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Air Force researchers show off groundbreaking technologies


This wasn’t your high school’s science fair.

Air Force Research Laboratory scientists and engineers around the country showcased everything Tuesday from robotic “snakes” that peer into the wings of an aircraft to hypersonic rockets on science missions launched around the globe.

The presentation of about 15 groundbreaking research concepts at the AFRL’s Materials and Manufacturing Directorate at Wright-Patterson was a practice of sorts for sending the projects to the Pentagon on May 18, Department of Defense Lab Day.

PHOTOS: Hot new Air Force technologies going to the Pentagon

“I view this first and foremost as an education event in educating our senior leaders in terms of what is coming down the road, what are we researching, what’s the art of the possible,” said Morley Stone, AFRL chief technology officer. “Science and technology is changing so much so fast, it’s really important to continue that education process so they understand where are the frontiers going.”

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“…The breath of the research that we’re doing is enormous,” said Maj. Gen. William T. Cooley, newly installed AFRL commander.

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Among the research included one project to produce relatively cheap, reusable unmanned aircraft to bulk up the size of a shrinking Air Force fleet. Another has explored “gene editing technology,” which could potentially boost the endurance of airmen on long range missions, among other uses, researchers said.

Low Cost Attritable Aircraft Technology (LAACT), a proposed low cost drone, would work in tandem with current aircraft such as F-22 and F-35 stealth fighters. The drone may spy on battlefield adversaries, carry weapons or jam communications. Researchers have aimed for a price tag of about $3 million each based on buying a fleet of 100, according to AFRL.

“If you team up a bunch of these aircraft with an F-35 or an F-22, or some of our surveillance assets, you’d basically be able to cover more space at a lower cost point,” said Bill Baron, LCAAT project manager. “In a lot of cases, we don’t have enough airplanes and as you look to the future, most likely our fleet sizes are going to continue to be more limited so this is a way to provide a force multiplier.”

The Air Force Office of Scientific Research has explored military applications of “gene editing” technology.

“It’s cutting-edge technology being used throughout the scientific field,” said Heather Pangburn, lead toxicologist at the 711th Human Performance Wing’s Air Force School of Aerospace Medicine. “There’s many avenues that it can be applied to,” from treatment of disease to improving crop to increased milk production in cows, she said.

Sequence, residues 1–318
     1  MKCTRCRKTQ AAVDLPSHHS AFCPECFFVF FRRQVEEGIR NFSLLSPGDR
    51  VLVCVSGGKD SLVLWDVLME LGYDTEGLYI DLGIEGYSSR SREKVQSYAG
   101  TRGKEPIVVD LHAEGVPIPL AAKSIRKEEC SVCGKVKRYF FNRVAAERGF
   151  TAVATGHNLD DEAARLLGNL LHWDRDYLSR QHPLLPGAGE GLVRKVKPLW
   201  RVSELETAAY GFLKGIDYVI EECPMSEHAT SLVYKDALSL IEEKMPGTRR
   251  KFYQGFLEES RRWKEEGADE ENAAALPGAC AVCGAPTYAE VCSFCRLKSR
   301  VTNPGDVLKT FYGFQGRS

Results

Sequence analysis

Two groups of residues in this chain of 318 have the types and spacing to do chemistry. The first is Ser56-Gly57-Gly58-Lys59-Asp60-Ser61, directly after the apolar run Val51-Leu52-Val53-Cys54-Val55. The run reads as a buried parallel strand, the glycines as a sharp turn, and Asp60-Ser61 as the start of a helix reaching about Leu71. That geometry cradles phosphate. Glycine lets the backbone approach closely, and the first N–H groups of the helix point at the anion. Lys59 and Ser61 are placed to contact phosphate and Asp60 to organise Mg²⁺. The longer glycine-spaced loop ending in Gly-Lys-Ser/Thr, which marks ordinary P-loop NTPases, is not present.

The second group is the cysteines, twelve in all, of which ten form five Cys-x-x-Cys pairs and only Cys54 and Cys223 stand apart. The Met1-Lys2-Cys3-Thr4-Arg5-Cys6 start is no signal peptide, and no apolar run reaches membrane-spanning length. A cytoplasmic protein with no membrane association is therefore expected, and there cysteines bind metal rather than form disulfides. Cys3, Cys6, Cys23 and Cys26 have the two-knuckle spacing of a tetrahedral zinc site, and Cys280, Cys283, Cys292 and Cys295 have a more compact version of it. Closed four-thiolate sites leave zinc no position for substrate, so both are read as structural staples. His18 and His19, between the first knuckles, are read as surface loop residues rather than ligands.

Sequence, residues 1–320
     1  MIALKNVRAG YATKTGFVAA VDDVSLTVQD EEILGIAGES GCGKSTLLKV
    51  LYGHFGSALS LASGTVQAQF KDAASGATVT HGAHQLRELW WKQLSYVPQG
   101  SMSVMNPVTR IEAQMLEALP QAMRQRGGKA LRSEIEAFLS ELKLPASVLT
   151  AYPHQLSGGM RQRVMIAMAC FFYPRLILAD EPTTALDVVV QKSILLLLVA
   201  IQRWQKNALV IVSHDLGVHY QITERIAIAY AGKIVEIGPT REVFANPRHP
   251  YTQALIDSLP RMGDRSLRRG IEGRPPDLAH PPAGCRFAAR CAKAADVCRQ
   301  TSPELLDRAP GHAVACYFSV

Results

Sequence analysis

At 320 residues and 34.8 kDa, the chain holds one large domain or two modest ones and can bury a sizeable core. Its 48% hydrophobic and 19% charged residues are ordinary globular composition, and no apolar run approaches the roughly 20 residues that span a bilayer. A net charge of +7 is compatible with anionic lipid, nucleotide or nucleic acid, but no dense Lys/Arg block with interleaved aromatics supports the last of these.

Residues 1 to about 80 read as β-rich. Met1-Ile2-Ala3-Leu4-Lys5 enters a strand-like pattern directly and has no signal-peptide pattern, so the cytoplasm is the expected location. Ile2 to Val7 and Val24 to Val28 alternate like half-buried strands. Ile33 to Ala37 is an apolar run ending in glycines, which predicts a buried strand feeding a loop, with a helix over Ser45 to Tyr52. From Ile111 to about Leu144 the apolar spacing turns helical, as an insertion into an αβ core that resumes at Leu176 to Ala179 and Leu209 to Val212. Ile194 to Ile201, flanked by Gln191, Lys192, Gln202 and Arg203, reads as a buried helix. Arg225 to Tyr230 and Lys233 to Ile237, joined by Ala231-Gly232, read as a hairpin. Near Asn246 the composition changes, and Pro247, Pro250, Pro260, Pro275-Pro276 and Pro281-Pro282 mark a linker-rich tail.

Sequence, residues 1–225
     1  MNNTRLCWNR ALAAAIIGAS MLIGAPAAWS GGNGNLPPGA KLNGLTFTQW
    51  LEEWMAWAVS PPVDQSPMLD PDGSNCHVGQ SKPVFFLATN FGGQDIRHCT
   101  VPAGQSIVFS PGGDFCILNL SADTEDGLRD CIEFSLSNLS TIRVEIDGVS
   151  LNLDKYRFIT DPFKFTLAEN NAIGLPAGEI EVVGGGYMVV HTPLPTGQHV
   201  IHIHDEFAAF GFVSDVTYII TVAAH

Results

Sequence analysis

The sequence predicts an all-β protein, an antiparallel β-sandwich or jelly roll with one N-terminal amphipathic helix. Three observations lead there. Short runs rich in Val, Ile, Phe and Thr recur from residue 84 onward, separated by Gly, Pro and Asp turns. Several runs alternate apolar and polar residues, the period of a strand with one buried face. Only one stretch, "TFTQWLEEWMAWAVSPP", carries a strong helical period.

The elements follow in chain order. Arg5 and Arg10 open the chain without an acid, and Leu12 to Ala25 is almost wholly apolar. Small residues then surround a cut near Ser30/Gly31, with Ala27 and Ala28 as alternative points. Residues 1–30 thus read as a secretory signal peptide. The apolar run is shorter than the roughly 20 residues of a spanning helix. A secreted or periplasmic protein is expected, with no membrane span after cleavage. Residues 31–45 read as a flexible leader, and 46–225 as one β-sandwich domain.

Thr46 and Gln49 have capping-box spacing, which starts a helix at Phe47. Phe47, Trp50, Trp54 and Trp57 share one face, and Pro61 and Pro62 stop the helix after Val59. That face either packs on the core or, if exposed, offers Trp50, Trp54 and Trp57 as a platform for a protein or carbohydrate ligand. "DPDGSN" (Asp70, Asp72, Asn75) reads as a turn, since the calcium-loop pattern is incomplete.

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Patrick Roach, AFOSR chief of physical and gene editing technology in Arlington, Va., said: “What we find with this technology intriguing is the fact that we may be able to create entire new proteins with it, or add and help aerospace medicine in the future, maybe look at enhancement of new materials that are stronger (with) greater tensile strength and help synthetic biology in a way that’s never been done.”

One day, for example, that may mean the technology could aid airmen to stay alert on long missions rather than rely on chemical substances, he said.

“That’s a long way off,” Roach said. “We don’t know all the deleterious things that might be there. You’ve got to look at those. We’ve got to be very careful going forward making sure that we don’t produce something that was unintended.”

The Air Force does not plan to test the technology on humans or animals, he said. He anticipated more research with organizations such as the National Institutes for Health.

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In the skies of hypersonic flight, the Air Force has launched seven sound rockets in Australia, Hawaii, and Norway to explore hypersonic vehicles, said 2nd Lt. Malia Stephens, an AFRL aerospace research engineer at Wright-Patterson.

The project is called HiFIRE, short for called Hypersonic International Flight Research Experimentation, in a scientific collaboration with Australia.

“We fly at hypersonic speeds and take data so you think of it like a wind tunnel in the sky,” she said. “Today, we don’t have a lot of hypersonic data because we don’t have a lot of hypersonic flying vehicles, so you can’t simulate what’s in a wind tunnel on the ground accurately as you can it its flying in the air.”



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